Almost half of British farmers are looking at diversifying their businesses ahead of the biggest shake-up of farm funding for decades, new research suggests.
With Brexit now underway, farmers in the UK are looking at a 2020 'diversification drive' to help further support their businesses.
This is according to rural insurer NFU Mutual, who says that changes to government support are driving farmers downs new paths in order to boost profitability.
Forty eight percent of farmers are planning to set up or expand diversification businesses, moving into new areas such as tourism, hospitality, retail and renewable energy.
This figure has doubled since NFU Mutual carried out similar research in 2018 and found 23 percent of farmers were planning to expand or start diversification enterprises.
“The next seven years will be crucial for the farming industry,” explained Chris Walsh, NFU Mutual’s Farm Specialist.
“Because of this, many farmers are looking at new business opportunities in order to spread their risk.
“Farmers have always had to adapt to changing times, and a number have been diversifying for decades, but even more are now deciding to support their work with new ideas.
“Whether it’s building holiday cottages, launching a wedding venue, or opening a farm shop, not only can these new businesses supplement the farm, they often provide other members of the family with a crucial role.”
NFU Mutual's new research, unveiled today (7 February), shows how a quarter of farmers are planning to diversify in order to create business opportunities for family members.
Mr Walsh added: “There is only room for a certain number of farm shops, holiday cottages and wedding venues so farmers planning to diversify need to do careful research and costings before they start converting cow sheds into cafes.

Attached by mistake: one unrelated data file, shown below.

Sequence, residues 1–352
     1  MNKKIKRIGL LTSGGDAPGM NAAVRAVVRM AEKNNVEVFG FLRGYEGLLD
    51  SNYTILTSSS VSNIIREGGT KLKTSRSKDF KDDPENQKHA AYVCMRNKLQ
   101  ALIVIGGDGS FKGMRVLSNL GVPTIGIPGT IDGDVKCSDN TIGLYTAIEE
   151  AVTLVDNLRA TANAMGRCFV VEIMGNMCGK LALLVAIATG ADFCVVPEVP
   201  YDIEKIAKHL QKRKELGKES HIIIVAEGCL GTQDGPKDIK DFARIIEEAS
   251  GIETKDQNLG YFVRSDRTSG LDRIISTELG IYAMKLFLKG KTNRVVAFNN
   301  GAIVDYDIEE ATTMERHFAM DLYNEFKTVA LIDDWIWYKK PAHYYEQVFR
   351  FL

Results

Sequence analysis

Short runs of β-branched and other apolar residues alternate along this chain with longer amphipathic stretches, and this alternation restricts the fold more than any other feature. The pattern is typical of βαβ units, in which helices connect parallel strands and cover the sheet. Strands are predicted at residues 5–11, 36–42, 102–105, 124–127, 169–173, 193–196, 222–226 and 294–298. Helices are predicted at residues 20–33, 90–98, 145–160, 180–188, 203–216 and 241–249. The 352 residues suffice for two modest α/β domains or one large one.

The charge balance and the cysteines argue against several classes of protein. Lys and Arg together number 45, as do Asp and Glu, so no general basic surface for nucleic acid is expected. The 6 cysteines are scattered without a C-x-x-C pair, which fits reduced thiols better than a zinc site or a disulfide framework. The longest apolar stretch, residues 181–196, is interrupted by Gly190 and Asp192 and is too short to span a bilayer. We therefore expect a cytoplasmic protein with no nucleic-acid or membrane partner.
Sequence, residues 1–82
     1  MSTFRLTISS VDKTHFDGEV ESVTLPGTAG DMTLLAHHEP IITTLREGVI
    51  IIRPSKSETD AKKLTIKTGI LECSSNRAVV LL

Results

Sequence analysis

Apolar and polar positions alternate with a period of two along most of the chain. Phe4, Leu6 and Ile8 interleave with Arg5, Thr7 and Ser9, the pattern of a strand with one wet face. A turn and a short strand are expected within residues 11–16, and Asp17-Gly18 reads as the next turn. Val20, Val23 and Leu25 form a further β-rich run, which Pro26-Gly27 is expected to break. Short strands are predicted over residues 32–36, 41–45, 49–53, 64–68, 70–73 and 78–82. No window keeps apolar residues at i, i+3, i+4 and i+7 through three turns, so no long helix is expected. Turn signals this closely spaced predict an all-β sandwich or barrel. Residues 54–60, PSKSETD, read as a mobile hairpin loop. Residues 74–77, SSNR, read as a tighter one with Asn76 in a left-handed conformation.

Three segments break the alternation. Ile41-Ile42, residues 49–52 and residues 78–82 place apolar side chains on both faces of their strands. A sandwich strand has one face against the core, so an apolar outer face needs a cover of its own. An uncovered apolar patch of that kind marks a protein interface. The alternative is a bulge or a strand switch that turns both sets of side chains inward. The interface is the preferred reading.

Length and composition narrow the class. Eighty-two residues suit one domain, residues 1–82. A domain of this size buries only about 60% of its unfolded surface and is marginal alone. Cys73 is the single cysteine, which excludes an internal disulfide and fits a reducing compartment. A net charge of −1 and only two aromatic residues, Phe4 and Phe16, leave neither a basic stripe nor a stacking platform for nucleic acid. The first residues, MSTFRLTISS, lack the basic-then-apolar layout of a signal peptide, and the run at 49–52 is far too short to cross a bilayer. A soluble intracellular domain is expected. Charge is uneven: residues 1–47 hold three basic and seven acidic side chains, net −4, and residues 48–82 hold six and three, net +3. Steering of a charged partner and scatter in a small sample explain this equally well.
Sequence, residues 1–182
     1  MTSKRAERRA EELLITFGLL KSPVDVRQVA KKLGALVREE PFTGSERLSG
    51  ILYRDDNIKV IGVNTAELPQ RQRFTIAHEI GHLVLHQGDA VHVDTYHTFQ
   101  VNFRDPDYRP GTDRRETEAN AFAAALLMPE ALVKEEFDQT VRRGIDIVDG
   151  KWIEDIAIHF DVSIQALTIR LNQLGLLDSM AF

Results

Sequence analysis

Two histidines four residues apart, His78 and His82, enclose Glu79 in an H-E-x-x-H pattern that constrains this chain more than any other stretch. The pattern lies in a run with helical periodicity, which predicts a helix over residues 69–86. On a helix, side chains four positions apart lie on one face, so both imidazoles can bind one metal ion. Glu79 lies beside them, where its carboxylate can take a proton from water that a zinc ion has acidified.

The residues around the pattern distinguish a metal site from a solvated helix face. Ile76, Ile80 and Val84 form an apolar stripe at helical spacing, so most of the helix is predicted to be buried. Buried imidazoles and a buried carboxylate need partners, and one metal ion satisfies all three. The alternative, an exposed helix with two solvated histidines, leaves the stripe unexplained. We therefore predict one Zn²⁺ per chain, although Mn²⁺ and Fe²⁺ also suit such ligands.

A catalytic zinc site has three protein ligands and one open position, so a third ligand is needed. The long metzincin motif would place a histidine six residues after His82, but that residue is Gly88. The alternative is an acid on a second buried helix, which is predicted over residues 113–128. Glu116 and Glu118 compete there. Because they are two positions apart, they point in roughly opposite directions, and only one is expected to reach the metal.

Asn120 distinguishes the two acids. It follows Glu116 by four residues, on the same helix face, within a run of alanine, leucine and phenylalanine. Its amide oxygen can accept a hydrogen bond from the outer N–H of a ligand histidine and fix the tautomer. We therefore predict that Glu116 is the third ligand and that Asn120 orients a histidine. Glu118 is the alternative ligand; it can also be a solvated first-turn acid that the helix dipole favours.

“Farmers and their families also need to have the right skills - particularly if they’re going to be working with the public. It’s a big change looking after a demanding wedding party if you’re used to being on a hillside with a flock of sheep all day.”
The report stresses the importance of detailed planning to minimise risks to the public and employees and make insurance of new diversification schemes straightforward.
It also highlights the importance of looking at the financial implications of setting up non-farming activities to avoid higher Inheritance Tax Bills.
Looking ahead, the report suggests there may be new opportunities for farmers to access government financial support for diversification schemes as changes to agricultural support are rolled out.
Defra statistics show that diversification activity brought in £740m of income in 2018/19 – up 6% on the previous year.